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Breeding Horses? One Broodmare's Story

Breeding Horses

One can never worry about asking a “dumb question,” especially when it involves something as intricate as breeding horses. Mackenzie Morrison, owner and trainer of River Boyne Farm -- a breeding, training and lesson barn established in 2016 -- immersed herself into equine reproductive management courses to learn as much as possible about breeding horses. She absorbed industry knowledge like a sponge from well-established professionals, and kept a close relationship with her veterinarian always. At her farm in northern Michigan, she has anywhere from 22 to 27 horses at any time -- including broodmares, foals and stallions, many being Connemara or Gypsy Vanner.

“I want to know I’m doing the best I possibly can for them,” Mackenzie said. “I want to learn all the time and am not just going to hope for the best. To me, they’re not just broodmares. They are not just money producers. They are a part of the family.”

She posted to the active Facebook group Horse Vet Corner?  when she feared her broodmare MV Tupelo Honey (Gypsy Vanner, age 7) was becoming almost narcoleptic during her pregnancy. She was experiencing sleep deprivation. When her broodmares are close to foaling, Mackenzie sleeps in a bedroom viewing into the main foaling stall. That’s when she noticed that, “The mare’s knees would buckle, then she would sway and drop to the ground. I was concerned with her falling and that she may bruise the placenta and hurt the baby,” she said. Approved veterinarians of the group quickly commented with advice and assurance.

“No question is a dumb question,” Mackenzie urged. “There isn’t just one way of doing things, and someone might have another idea. Every horse is an individual; it isn’t ‘textbook,’ and each pregnancy is different, too.”

This mare in question had two unique challenges Mackenzie would help her overcome.

CHALLENGE ONE: Keeping Her in Foal

“We always had a hard time keeping this mare in foal, because she would experience Early Embryonic Death (EED),” Mackenzie said.

EED affects some 15% of pregnancies detected at day 15 after ovulation, according to the report “How to Manage Early Embryonic Death” written by Tom A.E. Stout, VetMB, PhD. Dr. Stout’s report continued, “Moreover, the majority (60%) of these losses occur before day 42 after ovulation, a period when pregnancy maintenance is critically dependent on progesterone produced by the primary corpus luteum (CL), and when a number of essential developmental events take place.”

A report from the American Association of Equine Practitioners (AAEP), authored by Atwood C. Asbury, DVM, DACT, stated that a possible defect of early embryonic loss is inadequate progesterone secretion. “â?¦ many breeders supplement progesterone or synthetic compounds with similar actions such as altrenogest during early pregnancy. Progesterone causes the cervix to remain tightly closed, the uterus to remain firm and helps block production of prostaglandins (hormones that arise from inflammation in the uterus).”

Mackenzie would give MV Tupelo Honey a daily dose of Regumate and SMZs twice a day. “We started her on Regumate and SMZs due to suspected placentitis with her early bagging up. Sometimes, Regumate throughout an entire pregnancy is warranted,” she said.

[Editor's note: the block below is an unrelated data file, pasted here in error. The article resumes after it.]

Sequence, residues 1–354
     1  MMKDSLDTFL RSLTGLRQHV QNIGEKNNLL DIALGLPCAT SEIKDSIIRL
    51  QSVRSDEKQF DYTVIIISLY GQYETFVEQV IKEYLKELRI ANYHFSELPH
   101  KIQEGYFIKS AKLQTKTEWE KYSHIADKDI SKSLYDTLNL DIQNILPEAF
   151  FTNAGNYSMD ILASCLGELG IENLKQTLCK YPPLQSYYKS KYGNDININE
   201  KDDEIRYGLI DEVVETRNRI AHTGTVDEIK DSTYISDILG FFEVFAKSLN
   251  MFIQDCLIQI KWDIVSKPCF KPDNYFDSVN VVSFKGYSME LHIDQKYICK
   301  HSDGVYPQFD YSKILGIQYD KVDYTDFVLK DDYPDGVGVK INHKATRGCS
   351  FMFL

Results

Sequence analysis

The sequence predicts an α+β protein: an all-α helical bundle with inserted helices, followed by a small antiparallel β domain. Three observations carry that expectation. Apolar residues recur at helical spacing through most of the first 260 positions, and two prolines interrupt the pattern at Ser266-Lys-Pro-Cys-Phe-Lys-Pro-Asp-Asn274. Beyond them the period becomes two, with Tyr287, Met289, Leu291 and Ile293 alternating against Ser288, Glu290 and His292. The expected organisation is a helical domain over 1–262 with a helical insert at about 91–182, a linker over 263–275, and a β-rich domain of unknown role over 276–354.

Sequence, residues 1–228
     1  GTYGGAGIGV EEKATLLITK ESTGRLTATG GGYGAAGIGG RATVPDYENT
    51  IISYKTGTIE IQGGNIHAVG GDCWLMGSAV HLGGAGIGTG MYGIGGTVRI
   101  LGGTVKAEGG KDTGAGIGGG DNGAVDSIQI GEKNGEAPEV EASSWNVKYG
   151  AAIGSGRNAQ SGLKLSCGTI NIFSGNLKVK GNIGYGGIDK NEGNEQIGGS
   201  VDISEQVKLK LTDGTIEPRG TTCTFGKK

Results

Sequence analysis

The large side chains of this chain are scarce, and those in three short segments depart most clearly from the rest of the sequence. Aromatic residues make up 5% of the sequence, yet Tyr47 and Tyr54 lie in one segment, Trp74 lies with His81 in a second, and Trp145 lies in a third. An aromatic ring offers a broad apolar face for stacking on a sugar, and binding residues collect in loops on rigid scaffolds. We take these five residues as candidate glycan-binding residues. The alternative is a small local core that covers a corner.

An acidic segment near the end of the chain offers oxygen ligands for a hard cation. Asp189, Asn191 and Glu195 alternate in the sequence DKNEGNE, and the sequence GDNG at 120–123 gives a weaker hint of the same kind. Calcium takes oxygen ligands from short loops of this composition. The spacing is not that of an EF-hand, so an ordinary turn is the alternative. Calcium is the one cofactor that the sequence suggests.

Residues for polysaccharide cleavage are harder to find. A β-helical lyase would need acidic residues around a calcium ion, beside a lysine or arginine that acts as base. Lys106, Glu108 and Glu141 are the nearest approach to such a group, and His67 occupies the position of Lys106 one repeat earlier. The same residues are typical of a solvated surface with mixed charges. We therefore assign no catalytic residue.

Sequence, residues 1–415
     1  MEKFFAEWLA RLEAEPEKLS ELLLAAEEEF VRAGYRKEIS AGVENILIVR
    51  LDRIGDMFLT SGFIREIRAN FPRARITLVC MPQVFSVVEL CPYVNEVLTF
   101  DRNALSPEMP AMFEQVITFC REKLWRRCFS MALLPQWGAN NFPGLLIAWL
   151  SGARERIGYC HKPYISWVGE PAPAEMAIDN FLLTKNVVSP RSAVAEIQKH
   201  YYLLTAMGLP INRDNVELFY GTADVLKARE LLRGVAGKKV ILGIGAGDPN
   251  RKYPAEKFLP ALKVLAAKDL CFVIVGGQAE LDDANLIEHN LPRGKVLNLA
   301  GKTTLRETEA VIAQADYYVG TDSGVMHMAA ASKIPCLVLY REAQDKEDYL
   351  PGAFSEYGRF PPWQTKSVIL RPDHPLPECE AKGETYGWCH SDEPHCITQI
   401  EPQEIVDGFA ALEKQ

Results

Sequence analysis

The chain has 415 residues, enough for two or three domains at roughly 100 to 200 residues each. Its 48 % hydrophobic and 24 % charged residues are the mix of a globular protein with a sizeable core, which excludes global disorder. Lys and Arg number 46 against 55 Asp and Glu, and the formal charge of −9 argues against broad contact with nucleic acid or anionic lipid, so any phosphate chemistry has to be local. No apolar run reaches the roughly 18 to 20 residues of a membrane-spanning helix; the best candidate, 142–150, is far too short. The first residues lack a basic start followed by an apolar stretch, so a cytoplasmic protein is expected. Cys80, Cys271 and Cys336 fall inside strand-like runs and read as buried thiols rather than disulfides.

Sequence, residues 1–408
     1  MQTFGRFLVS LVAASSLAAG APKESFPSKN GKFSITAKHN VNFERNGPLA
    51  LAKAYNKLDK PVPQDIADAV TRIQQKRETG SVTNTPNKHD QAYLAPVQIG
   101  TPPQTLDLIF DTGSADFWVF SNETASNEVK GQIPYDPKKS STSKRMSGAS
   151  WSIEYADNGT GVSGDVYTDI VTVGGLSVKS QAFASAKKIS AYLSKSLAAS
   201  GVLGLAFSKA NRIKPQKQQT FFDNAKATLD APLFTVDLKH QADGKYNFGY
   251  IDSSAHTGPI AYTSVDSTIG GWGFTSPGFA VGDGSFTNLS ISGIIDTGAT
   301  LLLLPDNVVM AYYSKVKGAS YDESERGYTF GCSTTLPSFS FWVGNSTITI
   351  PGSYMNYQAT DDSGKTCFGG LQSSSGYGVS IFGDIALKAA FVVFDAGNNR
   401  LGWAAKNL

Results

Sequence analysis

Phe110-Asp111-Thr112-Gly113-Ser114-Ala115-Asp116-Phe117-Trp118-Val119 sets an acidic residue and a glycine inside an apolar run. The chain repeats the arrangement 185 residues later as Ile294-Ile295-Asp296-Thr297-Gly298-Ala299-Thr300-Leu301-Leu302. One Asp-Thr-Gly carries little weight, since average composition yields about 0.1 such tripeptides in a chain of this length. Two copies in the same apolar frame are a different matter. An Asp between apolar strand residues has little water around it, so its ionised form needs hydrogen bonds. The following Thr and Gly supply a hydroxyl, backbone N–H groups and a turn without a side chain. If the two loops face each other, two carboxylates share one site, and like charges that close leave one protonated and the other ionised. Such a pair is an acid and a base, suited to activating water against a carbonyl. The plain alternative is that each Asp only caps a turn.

CHALLENGE TWO: Loss of Milk and Colostrum

Mackenzie keeps detailed notes of when her broodmares begin bagging up and any change in their behavioral attitude during their pregnancy. It helps her be prepared for the unexpected, by knowing what on average is to be expected.

“The industry standard is a 340-day ‘due date,’ but there is no real due date. It’s a guestimate. This mare started bagging up at 308 days this time but in 2019, she was bagging up at 290 days. She had wax and was dripping milk. She would be foaling any day now, and it was concerning,” Mackenzie said.

If she was dripping milk, she was losing colostrum, which is the first milk a mare produces. Rich in antibodies, colostrum is critical to foal health, protecting newborn foals against infectious agents during the first few months of life until their immune system fully develops. It is important that foals consume and absorb colostrum within six to 12 hours following birth. 

“The mare dripped milk two weeks before foaling. It was white, watery milk -- no colostrum in it,” Mackenzie said. That’s when she decided to order Seramune from . Made from equine serum, Seramune provides instant, reliable protection and gives foals enough infection-fighting proteins called antibodies (or immunoglobulin G -- IgG). 

“I ordered it at 1:40 p.m. I was checking tracking, and it mailed before 2 p.m., with UPS tracking estimating delivery of 3:15 to 5 p.m. the next day,” Mackenzie said, who plans to have it on hand every season as a just-in-case measure. “I found the UPS driver downtown and picked it up off the truck. They knew it was an emergency. The Seramune and frozen colostrum worked wonders, and the foal had a wonderful IGG [level]” soon following her birth.

Overcoming these challenges, the broodmare had a successful pregnancy and a healthy foal. Newly minted RBF Call Me Honey is zipping around their paddock, full of vigor and doing well. “We are already so in love with this little girl and her sweet and bold personality,” said Mackenzie.

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